Long before he became known for some of the shadiest machinations in the ongoing Trump-Russia scandal, the 66-year-old Stone, who returned to the GOP in 2015 after being registered as a Libertarian for three years, had a dark history in right-wing politics dating back to the Nixon era.
Stone is a self-described “dirty trickster,” and he takes great pride in it. Here are five of Stone’s sleaziest pre-Trump campaign activities.
- Stone was fired by Sen. Bob Dole in the ‘70s for being a Nixonian ‘dirty trickster’
Stone, born in 1952, was in his late teens when he became an aide for President Richard Nixon’s 1972 reelection campaign. Although Stone has insisted that he never did anything illegal during the Watergate scandal, he has described his work during that period as “trafficking in the black arts.” After Nixon stepped down as president in August 1974 because of Watergate, Stone went to work for Sen. Bob Dole. However, he wasn’t in Dole’s employ very long; the Kansas senator fired him after he was identified by syndicated columnist Jack Anderson as being a “dirty trickster” for Nixon. One of Stone’s tricks was hiring a Republican operative to infiltrate the 1972 presidential campaign of Democrat George McGovern, who suffered a landslide defeat when Nixon was reelected.
- Stone is a self-described ‘Nixonite’
During Watergate, many prominent Republicans — including Sen. Barry Goldwater — distanced themselves from President Nixon. But Stone is one GOP operative who is openly proud of his work with Nixon and has bragged about being a “Nixonite.” In 2008, the New Yorker quoted Stone as saying, “The reason I’m a Nixonite is because of his indestructibility and resilience. He never quit. His whole career was all built around his personal resentment of elitism. It was the poor-me syndrome.”
- Stone and Paul Manafort represented Ferdinand Marcos and other corrupt dictators
Stone and Paul Manafort — Trump’s former 2016 campaign chairman and another major target of Mueller’s Russia investigation — go way back: when a 24-year-old Stone became president of the Young Republicans in 1977, Manafort was the one managing his campaign. And they went on to work together on Ronald Reagan’s 1980 presidential campaign. In 1980, Stone and Manafort, along with their associate Charlie Black, formed the right-wing Washington, DC lobbying group Black, Manafort & Stone, which not only represented Republicans in the U.S. but also corrupt dictators ranging from Ferdinand Marcos in the Philippines to Mobuto Sese Seko in the Congo. As bad as the Russian and Ukrainian oligarchs Manafort worked with in the 2000s and 2010s were, some of the dictators, tyrants and thugs that Stone and Manafort represented in the 1980s were even worse.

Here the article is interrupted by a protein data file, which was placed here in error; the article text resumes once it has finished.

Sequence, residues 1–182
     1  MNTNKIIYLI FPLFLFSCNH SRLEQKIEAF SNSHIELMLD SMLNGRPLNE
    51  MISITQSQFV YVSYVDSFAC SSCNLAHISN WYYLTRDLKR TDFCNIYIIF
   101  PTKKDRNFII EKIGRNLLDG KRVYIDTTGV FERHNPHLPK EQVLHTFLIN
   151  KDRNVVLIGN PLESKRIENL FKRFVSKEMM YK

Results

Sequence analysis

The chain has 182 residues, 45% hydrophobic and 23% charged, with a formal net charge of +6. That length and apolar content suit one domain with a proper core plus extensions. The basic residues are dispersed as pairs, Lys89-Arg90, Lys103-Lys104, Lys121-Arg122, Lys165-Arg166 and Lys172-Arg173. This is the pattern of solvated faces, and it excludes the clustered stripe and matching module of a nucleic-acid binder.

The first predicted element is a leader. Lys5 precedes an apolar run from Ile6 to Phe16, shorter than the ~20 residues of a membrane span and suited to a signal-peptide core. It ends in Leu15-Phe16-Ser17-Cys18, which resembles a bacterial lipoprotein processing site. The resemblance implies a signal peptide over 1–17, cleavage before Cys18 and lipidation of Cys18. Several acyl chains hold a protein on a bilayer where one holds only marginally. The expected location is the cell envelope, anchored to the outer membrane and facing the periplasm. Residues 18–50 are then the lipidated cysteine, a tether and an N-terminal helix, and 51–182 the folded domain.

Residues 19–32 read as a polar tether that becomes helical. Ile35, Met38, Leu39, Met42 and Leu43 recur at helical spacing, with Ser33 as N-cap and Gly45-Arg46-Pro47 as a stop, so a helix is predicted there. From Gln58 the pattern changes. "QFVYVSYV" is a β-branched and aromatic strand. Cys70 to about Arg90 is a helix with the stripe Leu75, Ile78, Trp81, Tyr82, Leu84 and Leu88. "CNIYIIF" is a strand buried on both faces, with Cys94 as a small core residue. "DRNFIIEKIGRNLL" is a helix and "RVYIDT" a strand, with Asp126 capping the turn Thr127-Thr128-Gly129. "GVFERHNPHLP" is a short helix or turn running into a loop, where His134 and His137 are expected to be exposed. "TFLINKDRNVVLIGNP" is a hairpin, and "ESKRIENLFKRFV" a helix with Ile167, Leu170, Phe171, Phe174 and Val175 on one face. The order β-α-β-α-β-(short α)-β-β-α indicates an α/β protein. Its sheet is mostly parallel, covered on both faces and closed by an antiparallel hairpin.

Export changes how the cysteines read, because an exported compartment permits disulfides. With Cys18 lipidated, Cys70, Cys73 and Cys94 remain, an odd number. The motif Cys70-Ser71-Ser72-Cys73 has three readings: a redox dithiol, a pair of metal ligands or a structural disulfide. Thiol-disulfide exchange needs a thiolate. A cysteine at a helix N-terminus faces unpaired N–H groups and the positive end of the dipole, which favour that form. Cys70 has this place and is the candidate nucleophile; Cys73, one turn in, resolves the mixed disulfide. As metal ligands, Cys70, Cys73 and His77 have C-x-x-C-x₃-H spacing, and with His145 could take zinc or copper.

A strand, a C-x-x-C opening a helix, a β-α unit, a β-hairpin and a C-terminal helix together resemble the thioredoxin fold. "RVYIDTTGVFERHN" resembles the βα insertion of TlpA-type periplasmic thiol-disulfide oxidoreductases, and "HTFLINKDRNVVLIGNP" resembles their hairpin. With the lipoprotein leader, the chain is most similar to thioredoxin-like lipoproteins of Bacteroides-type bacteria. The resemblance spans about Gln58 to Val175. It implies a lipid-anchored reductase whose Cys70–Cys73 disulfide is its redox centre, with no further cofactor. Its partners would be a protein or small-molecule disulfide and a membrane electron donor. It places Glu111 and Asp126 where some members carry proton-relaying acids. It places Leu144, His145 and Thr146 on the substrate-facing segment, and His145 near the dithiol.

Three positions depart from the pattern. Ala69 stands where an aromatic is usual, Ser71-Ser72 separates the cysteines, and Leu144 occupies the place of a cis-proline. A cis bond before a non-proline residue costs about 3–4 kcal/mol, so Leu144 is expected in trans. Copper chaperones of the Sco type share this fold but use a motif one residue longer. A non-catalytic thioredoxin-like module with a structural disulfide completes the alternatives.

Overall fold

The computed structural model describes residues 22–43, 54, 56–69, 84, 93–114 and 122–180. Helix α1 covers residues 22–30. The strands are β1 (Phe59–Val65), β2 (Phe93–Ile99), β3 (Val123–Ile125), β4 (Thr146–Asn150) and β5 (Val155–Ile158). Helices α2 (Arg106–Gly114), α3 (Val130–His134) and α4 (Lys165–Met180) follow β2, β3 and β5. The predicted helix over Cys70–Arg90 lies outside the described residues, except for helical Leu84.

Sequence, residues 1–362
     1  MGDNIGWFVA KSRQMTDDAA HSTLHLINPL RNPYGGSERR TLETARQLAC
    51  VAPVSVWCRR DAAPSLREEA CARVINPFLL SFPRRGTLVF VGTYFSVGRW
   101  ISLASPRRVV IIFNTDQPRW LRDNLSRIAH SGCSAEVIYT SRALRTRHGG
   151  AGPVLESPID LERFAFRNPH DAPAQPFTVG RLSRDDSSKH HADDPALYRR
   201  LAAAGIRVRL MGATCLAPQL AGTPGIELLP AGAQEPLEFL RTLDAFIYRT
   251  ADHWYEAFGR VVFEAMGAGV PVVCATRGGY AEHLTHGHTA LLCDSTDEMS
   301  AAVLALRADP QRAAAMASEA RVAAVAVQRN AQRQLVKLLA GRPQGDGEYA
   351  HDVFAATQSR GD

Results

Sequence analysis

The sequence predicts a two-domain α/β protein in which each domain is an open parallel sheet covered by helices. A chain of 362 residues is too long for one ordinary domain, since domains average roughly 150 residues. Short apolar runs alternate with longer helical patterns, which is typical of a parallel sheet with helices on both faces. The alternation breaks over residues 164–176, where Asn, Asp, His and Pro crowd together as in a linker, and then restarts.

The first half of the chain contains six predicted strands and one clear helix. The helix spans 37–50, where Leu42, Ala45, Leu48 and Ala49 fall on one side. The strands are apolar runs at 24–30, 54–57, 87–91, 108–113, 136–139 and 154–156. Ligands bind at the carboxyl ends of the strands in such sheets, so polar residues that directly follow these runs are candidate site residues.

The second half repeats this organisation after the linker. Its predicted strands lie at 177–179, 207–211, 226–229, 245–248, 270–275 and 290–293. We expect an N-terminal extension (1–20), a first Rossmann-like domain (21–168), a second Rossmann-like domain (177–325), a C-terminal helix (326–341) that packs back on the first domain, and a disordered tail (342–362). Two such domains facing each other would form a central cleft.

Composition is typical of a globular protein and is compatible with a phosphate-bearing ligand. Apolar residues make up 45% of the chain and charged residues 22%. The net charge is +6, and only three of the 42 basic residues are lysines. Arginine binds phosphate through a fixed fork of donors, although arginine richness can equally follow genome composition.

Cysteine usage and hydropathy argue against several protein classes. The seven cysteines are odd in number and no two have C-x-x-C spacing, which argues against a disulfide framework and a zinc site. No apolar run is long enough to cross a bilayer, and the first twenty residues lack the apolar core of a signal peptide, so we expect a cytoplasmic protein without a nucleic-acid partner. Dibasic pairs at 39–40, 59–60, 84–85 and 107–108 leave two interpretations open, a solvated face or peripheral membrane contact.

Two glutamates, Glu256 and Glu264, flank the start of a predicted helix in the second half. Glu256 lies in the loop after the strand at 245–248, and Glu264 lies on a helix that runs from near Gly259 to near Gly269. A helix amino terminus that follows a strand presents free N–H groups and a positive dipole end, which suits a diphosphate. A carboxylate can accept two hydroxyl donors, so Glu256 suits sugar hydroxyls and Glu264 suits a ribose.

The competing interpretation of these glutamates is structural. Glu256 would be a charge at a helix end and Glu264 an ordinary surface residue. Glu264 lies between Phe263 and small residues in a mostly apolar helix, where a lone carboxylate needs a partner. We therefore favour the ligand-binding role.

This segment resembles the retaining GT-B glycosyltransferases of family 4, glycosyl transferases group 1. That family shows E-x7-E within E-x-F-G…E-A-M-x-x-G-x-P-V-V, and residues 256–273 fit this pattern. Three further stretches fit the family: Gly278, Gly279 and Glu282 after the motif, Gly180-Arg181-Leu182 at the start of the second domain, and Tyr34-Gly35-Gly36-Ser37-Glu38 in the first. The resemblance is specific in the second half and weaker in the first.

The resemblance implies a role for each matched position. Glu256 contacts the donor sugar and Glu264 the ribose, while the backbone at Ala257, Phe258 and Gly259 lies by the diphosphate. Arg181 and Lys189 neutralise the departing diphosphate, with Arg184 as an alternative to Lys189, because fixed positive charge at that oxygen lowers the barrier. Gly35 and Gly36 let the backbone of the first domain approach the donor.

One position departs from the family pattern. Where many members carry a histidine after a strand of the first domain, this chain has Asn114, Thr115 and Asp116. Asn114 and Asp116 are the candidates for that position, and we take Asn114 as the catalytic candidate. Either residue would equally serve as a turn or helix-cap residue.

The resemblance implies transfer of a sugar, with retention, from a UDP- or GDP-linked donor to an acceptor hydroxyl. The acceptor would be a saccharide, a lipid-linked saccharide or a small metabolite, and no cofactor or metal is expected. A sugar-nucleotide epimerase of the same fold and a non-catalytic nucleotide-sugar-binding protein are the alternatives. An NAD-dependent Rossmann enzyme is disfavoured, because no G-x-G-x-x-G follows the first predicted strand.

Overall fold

- Stone was a lobbyist for Angola’s brutal Jonah Savimbi
In addition to working with dictators like Marcos and Seko, the firm Black, Manafort & Stone represented Jonah Savimbi — whose National Union for the Total Independence of Angola (UNITA in Portuguese) tried to overthrow Angola’s Marxist government in the 1980s. According to Human Rights Watch, UNITA was ruthless and “used terror as a policy to obtain supplies and coerce and intimidate civilians. Indiscriminate killings, mutilation of limbs or ears and beatings were used by rebels to punish suspected government sympathizers or as a warning against betraying UNITA.”
- Stone advised Al Sharpton in 2004 — hoping to divide Democrats
In his 2004 Democratic presidential primary campaign, the Rev. Al Sharpton had an unlikely advisor: Roger Stone, who helped the civil rights activist craft a message against Howard Dean (another Democrat who ran in that primary). When Sharpton stressed that Dean, as governor of Vermont, hadn’t had any blacks or Latinos in his cabinet, that messaging came from Stone — who, in a 2004 interview with the New York Times, said of Sharpton, “There has not been a candidate with this much charisma since Ronald Reagan.”
But Stone had an ulterior motive: he wanted to divide Democrats. Sharpton eventually dropped out of the race and endorsed Massachusetts Sen. John Kerry, who won the 2004 Democratic presidential nomination but lost to incumbent Republican President George W. Bush in the general election.